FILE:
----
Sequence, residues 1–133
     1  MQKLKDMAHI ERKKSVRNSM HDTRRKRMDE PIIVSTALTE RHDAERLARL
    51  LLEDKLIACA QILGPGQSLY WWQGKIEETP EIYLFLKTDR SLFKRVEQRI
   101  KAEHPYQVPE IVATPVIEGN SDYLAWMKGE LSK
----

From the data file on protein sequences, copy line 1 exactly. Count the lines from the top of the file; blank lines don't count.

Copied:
Sequence, residues 1–133